The lack of logic behind the Government's new Covid guidance is infuriating
This week the Government announced that secondary school pupils will once again be ‘strongly advised’ to wear face masks in ‘communal areas’ such as corridors. The Department of Education has said that the guidance is temporary and will be reviewed in three weeks (when most schools break up for the Christmas holidays).
The lack of logic behind this policy is infuriating. Why enforce masks in communal areas but not classrooms, where students spend the majority of their time and transmission is most likely? Why make masks mandatory for secondary pupils but not primary ones? Between the 10th and 20th of November, almost the exact same percentage of primary school students tested positive for Covid as secondary school ones (3.7 to 3.5), and we already know that primary school staff are just as likely to catch Covid as secondary school staff.
There is of course an argument that we need to be cautious until we know more about the Omicron variant. However, if the Government is genuinely concerned about the transmissibility of Omicron, and its potential to evade vaccine protection, then it should act accordingly.
We know that fabric face masks have very little effect — their inefficacy means they have already been banned in French schools — and this probably explains why Scottish schools have struggled with outbreaks even though face coverings have been mandatory since October half term. In fact, according to Oxford’s Prof. James Naismith, ONS survey data on Covid prevalence showed that ‘the Scottish and English approach to masking although formally different since July has made no meaningful difference to Delta.’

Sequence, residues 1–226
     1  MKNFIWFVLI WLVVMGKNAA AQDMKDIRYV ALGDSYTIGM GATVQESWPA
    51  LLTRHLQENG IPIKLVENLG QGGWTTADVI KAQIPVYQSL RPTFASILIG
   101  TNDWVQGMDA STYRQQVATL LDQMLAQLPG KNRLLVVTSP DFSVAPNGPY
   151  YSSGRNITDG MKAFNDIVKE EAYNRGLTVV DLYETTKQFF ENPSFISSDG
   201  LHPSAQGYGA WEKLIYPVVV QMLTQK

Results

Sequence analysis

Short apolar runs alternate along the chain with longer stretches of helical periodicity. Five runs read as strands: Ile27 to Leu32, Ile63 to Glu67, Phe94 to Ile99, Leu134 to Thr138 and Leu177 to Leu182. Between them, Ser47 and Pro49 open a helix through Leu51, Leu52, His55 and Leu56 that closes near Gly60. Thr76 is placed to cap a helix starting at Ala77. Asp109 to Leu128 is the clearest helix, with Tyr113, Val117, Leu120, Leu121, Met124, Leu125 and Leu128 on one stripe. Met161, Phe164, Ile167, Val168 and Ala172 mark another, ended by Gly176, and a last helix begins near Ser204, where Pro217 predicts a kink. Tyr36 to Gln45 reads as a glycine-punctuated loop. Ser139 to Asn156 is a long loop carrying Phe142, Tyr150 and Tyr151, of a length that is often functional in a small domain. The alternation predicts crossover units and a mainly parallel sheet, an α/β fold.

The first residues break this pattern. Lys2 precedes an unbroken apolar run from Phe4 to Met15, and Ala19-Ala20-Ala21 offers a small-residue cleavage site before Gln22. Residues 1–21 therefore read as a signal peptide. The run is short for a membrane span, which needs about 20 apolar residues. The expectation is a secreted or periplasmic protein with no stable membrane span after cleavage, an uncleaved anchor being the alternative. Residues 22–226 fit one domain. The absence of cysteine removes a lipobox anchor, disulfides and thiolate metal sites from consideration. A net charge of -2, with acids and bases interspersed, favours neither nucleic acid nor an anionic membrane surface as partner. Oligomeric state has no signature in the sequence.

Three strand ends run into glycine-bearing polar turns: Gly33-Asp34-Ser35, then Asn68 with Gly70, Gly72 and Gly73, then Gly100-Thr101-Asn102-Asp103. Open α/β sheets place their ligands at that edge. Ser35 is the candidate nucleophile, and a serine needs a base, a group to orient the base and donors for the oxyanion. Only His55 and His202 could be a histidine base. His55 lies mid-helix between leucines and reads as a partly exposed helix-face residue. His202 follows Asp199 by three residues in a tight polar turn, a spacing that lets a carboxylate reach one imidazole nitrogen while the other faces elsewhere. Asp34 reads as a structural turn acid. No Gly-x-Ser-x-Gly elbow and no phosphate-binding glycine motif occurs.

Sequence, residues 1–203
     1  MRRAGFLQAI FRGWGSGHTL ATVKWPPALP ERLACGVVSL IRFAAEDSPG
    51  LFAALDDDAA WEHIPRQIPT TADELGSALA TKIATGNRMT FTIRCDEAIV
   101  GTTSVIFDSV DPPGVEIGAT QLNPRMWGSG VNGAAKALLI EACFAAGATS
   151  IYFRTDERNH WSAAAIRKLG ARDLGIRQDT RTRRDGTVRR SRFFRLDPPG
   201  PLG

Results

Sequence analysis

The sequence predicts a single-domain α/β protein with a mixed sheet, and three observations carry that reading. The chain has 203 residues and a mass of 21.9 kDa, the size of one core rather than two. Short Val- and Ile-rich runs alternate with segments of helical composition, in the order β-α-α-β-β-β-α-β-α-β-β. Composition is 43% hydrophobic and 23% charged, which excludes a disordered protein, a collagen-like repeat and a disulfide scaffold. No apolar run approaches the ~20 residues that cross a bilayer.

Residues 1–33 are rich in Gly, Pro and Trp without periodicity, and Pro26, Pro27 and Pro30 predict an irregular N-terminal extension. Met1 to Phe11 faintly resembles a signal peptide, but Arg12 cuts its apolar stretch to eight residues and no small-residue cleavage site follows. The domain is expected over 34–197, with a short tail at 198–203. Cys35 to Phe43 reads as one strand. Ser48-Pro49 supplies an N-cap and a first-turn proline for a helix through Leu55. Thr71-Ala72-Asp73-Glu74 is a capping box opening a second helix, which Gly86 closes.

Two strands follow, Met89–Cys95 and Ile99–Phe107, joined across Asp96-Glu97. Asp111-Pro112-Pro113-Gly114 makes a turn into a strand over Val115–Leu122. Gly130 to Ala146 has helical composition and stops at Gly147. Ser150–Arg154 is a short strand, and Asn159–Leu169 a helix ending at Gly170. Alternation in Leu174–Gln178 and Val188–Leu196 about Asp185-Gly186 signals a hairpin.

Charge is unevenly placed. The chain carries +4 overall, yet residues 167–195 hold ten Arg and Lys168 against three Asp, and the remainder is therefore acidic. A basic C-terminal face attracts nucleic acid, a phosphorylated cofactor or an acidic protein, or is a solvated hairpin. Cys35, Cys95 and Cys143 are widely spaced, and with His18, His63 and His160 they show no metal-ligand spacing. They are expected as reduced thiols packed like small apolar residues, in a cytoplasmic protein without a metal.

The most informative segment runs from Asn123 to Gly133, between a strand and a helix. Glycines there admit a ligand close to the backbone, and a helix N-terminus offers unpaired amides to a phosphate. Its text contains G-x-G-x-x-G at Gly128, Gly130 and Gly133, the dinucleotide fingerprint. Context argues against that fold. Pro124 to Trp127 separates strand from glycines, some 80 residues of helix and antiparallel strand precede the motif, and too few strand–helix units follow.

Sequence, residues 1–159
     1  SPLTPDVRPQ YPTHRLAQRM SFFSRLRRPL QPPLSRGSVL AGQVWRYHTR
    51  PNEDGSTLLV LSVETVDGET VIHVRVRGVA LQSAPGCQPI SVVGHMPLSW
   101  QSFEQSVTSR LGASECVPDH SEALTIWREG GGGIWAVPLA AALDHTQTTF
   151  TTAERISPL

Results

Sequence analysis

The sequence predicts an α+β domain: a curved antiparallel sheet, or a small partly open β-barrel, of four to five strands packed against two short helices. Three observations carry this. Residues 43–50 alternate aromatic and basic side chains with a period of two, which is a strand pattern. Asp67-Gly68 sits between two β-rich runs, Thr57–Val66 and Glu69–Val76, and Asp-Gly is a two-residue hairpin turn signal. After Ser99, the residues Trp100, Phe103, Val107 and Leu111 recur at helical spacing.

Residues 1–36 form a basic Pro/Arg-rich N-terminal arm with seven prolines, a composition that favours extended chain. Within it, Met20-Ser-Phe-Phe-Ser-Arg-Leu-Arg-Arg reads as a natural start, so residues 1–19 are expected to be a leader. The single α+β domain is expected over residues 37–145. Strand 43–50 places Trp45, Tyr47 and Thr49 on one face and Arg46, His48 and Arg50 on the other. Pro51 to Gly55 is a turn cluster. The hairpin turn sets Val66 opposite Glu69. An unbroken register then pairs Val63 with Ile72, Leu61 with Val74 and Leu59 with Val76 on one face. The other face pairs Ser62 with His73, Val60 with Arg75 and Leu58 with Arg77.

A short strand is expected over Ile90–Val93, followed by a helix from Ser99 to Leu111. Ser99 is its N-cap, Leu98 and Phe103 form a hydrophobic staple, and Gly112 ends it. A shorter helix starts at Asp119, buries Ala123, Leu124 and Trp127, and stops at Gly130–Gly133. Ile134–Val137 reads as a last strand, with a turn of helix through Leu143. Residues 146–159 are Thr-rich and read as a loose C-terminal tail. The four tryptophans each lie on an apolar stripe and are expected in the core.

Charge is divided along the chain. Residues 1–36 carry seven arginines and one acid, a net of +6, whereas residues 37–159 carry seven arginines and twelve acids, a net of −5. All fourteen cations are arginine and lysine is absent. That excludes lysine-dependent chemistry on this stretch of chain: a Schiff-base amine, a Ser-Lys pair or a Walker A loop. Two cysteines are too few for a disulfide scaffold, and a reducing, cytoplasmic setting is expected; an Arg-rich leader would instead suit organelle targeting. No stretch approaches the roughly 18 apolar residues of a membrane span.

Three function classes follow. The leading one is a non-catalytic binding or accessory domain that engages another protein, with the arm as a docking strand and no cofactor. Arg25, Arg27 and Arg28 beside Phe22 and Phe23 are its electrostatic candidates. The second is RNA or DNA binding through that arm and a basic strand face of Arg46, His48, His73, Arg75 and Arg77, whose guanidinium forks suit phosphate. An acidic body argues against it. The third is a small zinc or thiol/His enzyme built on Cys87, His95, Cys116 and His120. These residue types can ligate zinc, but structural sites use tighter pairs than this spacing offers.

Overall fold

On the other hand, more filtered face coverings such as surgical or FPP2 masks give much higher levels of protection: up to 94-95%. If we are going to force students to wear masks (which is far from a given), then surely we should at least make them wear masks that actually work?
The policy seems to be yet another example of the government’s desire to be seen to do ‘something’ when in reality it is doing nothing; an action that is a distraction from their inaction. For months schools have campaigned for carbon dioxide monitors to monitor ventilation levels in classrooms, and despite the government pledging £25 million to improve schools’ ventilation, latest figures suggest that only 2% of schools have received these. Yet only 40% of secondary school teachers think their classrooms are well-ventilated, and 7% cannot even open their windows.
I also worry about the return of self-isolation for contacts of the new Omicron variant, and the inevitable disruption this will have on teaching and learning as healthy children are forced to quarantine. What’s more it will hardly help vaccine uptake amongst teenagers (of whom only around 20 percent have been jabbed) — how can we tell them to trust the vaccine and yet restrict and disrupt their lives regardless?
When used correctly masks may well serve a useful purpose, but this halfway house is just performative hygiene theatre. As one student aptly put it to me this morning, “Here we go again, Miss.”